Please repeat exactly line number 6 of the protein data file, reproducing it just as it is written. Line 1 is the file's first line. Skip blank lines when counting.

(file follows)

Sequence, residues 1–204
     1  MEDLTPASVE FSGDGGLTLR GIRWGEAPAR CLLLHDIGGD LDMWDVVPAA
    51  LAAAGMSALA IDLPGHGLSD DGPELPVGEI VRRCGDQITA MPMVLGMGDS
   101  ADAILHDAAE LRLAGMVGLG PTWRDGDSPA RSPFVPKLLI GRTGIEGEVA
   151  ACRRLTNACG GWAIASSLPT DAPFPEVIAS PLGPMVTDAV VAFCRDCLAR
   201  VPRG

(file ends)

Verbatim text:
   201  VPRG